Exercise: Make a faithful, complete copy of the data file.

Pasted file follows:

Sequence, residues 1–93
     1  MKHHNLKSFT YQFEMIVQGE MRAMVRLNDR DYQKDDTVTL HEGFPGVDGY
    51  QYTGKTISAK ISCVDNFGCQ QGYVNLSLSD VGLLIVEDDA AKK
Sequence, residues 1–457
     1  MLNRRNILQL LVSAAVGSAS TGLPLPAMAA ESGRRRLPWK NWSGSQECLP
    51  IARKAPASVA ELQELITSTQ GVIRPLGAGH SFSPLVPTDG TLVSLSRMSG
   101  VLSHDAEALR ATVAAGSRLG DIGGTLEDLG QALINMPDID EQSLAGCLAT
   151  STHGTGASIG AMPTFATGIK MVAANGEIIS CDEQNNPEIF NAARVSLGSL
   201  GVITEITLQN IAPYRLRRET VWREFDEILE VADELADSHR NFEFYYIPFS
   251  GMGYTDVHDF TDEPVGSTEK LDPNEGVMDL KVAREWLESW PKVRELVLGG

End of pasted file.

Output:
Sequence, residues 1–93
     1  MKHHNLKSFT YQFEMIVQGE MRAMVRLNDR DYQKDDTVTL HEGFPGVDGY
    51  QYTGKTISAK ISCVDNFGCQ QGYVNLSLSD VGLLIVEDDA AKK
Sequence, residues 1–457
     1  MLNRRNILQL LVSAAVGSAS TGLPLPAMAA ESGRRRLPWK NWSGSQECLP
    51  IARKAPASVA ELQELITSTQ GVIRPLGAGH SFSPLVPTDG TLVSLSRMSG
   101  VLSHDAEALR ATVAAGSRLG DIGGTLEDLG QALINMPDID EQSLAGCLAT
   151  STHGTGASIG AMPTFATGIK MVAANGEIIS CDEQNNPEIF NAARVSLGSL
   201  GVITEITLQN IAPYRLRRET VWREFDEILE VADELADSHR NFEFYYIPFS
   251  GMGYTDVHDF TDEPVGSTEK LDPNEGVMDL KVAREWLESW PKVRELVLGG